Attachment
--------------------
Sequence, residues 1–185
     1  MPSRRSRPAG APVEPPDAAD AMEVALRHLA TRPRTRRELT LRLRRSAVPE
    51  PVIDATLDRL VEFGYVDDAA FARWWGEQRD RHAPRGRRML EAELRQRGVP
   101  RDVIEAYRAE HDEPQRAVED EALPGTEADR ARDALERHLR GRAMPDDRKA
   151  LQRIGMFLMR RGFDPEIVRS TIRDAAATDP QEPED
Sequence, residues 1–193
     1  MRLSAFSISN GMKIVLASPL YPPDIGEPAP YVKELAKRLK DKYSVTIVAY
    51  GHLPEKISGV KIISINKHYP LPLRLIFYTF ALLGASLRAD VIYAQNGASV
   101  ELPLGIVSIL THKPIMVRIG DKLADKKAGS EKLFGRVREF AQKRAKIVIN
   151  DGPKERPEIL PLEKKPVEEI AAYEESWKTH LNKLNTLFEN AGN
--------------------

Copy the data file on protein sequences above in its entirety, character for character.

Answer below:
Sequence, residues 1–185
     1  MPSRRSRPAG APVEPPDAAD AMEVALRHLA TRPRTRRELT LRLRRSAVPE
    51  PVIDATLDRL VEFGYVDDAA FARWWGEQRD RHAPRGRRML EAELRQRGVP
   101  RDVIEAYRAE HDEPQRAVED EALPGTEADR ARDALERHLR GRAMPDDRKA
   151  LQRIGMFLMR RGFDPEIVRS TIRDAAATDP QEPED
Sequence, residues 1–193
     1  MRLSAFSISN GMKIVLASPL YPPDIGEPAP YVKELAKRLK DKYSVTIVAY
    51  GHLPEKISGV KIISINKHYP LPLRLIFYTF ALLGASLRAD VIYAQNGASV
   101  ELPLGIVSIL THKPIMVRIG DKLADKKAGS EKLFGRVREF AQKRAKIVIN
   151  DGPKERPEIL PLEKKPVEEI AAYEESWKTH LNKLNTLFEN AGN